What is dry drowning?
The terms "dry drowning" and "secondary drowning" (also
called submersion injuries) are often used interchangeably -- even by
some experts -- but they're actually different conditions,
In dry drowning, someone takes in a small amount of water through his or
her nose and/or mouth, and it causes a spasm in the airway, causing it
to close up. In secondary drowning, the little bit of water gets into
the lungs and causes inflammation or swelling that makes it difficult
or impossible for the body to transfer oxygen to carbon dioxide and vice
versa. Dry drowning usually happens soon after exiting the water, but
with secondary drowning, there can be a delay of up to 24 hours before
the person shows signs of distress. Both can cause trouble breathing and,
in worst-case scenarios, death.
Is it common?
Rest assured, dry drowning and secondary drowning incidents, while incredibly scary,
are rare, and account for
only about 1 to 2 percent of drowning incidents.
How to spot it
The good news is, dry drowning or secondary drowning (submersion injury)
doesn't happen out of nowhere. No matter a person’s age, be
on the lookout for:
Water rescue. Any person pulled from the pool needs medical attention.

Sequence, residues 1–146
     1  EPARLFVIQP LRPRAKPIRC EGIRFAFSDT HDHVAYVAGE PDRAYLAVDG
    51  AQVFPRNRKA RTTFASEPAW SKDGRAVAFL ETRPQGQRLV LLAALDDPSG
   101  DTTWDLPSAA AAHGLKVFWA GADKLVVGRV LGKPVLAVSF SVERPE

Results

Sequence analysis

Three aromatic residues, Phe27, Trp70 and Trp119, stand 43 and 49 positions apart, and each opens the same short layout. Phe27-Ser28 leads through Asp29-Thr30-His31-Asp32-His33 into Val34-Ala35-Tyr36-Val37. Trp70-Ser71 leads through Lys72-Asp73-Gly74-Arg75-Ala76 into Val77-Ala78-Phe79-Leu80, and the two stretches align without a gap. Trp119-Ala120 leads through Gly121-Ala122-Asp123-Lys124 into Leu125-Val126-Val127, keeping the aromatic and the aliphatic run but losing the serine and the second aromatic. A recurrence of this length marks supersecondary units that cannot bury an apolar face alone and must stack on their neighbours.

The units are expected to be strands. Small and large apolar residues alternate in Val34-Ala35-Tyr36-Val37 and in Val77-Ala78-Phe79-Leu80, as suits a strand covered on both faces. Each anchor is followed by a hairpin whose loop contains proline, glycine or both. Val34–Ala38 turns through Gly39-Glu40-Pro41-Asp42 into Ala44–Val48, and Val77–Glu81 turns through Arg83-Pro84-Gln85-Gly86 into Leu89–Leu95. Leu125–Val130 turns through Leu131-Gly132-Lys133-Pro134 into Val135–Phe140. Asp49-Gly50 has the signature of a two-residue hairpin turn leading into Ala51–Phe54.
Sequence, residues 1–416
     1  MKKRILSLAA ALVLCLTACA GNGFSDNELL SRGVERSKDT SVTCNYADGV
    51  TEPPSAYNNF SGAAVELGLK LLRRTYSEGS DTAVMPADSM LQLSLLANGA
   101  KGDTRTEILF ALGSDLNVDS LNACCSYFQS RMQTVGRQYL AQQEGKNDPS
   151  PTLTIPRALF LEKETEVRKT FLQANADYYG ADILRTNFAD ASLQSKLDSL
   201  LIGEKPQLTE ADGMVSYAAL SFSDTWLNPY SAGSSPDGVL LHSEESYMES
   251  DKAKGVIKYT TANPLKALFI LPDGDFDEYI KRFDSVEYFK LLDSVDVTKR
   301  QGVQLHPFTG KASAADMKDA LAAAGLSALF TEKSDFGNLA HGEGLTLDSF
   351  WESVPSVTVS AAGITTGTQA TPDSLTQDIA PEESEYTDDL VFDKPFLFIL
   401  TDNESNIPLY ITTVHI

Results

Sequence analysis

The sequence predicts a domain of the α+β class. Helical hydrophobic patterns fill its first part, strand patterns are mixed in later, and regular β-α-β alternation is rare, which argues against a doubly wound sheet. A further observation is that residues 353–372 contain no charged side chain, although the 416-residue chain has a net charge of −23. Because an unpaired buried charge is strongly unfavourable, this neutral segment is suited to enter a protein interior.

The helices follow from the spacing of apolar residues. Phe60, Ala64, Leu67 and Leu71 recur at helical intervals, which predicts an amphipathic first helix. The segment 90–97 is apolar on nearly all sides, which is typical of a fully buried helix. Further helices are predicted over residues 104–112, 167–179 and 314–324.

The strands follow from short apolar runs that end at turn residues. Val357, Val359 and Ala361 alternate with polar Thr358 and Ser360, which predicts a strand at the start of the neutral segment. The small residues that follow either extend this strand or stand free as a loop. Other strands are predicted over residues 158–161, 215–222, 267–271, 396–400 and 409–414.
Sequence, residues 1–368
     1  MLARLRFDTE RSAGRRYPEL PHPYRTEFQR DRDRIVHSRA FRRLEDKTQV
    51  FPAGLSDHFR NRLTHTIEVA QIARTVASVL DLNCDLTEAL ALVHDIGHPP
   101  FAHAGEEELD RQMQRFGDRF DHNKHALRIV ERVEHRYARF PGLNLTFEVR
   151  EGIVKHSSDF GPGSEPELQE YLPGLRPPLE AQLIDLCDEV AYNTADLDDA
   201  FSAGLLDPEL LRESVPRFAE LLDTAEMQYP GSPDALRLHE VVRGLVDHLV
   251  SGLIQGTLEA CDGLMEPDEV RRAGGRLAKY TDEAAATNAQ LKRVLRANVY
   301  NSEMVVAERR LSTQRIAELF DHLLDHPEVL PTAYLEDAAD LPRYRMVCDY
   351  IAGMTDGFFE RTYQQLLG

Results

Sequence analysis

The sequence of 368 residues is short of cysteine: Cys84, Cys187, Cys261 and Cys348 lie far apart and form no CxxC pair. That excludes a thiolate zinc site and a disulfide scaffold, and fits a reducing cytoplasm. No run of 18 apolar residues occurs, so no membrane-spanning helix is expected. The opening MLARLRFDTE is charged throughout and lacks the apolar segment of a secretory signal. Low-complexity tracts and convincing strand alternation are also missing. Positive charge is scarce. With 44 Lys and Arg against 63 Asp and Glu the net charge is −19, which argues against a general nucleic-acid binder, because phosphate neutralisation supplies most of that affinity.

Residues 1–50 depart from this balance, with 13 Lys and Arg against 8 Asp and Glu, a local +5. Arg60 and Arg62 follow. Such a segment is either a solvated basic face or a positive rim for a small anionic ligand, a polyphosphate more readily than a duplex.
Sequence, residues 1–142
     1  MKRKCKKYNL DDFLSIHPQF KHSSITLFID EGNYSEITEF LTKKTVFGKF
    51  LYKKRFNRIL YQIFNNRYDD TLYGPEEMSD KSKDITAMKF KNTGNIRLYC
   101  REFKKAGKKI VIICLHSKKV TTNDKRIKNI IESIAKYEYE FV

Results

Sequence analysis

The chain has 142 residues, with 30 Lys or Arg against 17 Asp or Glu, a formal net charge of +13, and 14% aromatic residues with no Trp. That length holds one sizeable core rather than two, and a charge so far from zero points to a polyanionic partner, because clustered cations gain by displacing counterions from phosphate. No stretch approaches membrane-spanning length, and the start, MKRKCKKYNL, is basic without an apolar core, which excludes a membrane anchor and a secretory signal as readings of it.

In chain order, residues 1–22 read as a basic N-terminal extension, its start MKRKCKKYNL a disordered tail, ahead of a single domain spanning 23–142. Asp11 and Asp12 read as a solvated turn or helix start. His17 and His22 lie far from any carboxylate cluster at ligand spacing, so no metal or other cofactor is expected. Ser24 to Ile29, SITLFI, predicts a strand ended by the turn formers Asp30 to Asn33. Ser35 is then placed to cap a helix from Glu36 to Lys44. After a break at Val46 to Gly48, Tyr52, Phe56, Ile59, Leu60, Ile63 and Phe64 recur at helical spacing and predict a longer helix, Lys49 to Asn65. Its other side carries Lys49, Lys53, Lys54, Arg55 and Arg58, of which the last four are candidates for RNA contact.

Coughing. Persistent coughing or coughing associated with increased work of breathing
needs to be evaluated.
Increased "work of breathing." Rapid shallow breathing, nostril flaring, or where you can see between
the child's ribs or the gap above their collarbone when they breathe,
means they're working harder to breathe than normal. This is a sign
that you should seek medical help immediately.
Sleepiness. It could mean not enough oxygen is getting into to her blood. Don't
go to bed until a doctor gives you the go-ahead.
Forgetfulness or change in behavior. Similarly, a dip in oxygen level could cause a person to feel sick or woozy.
Throwing up. Vomiting could be a sign of stress from the body as a result of the inflammation
and sometimes a lack of oxygen, also from persistent coughing and gagging.
What to do
Any time you're concerned and think there are symptoms of dry or secondary
drowning, whether you're in your backyard pool or on a beach vacation,
to go to the ER, a primary care doctor, or a national urgent care center.
But if a person is really struggling to breathe, call 911 and/or head
to the emergency room right away.
How it's treated
Treatment for submersion injury depends on the severity of the patient's
symptoms. The doctor will check vital signs, oxygen level, and work of
breathing. Patients with more mild symptoms just need careful observation,
in more serious cases, the doctor may also do a chest x-ray or give oxygen,
or appropriate medical procedures in extreme cases.
How to prevent it
Prevention is the same for dry drowning and secondary drowning as it is
for any other kind of drowning:
- Swim lessons
- Water safety measures.
As long as you practice water safety, pay close attention to your kids
after swimming, and get them checked out if you notice any signs of trouble
breathing, you shouldn't have to constantly stress about dry drowning
or secondary drowning.
If you or someone you know is experiencing any of these symptoms or are
concerned, please seek medical attention.
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